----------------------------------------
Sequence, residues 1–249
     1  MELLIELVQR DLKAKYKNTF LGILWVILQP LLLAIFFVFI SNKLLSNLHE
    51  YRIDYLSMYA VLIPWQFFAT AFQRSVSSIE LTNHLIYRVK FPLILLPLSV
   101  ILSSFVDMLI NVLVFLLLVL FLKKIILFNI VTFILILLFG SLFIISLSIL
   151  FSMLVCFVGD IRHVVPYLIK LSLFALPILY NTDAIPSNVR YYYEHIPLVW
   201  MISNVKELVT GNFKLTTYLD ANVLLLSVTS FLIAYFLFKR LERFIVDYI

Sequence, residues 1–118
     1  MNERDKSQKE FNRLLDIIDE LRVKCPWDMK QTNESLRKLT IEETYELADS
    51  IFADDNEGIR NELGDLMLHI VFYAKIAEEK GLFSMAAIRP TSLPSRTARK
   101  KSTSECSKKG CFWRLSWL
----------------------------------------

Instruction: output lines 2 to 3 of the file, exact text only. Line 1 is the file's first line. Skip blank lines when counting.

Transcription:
     1  MELLIELVQR DLKAKYKNTF LGILWVILQP LLLAIFFVFI SNKLLSNLHE
    51  YRIDYLSMYA VLIPWQFFAT AFQRSVSSIE LTNHLIYRVK FPLILLPLSV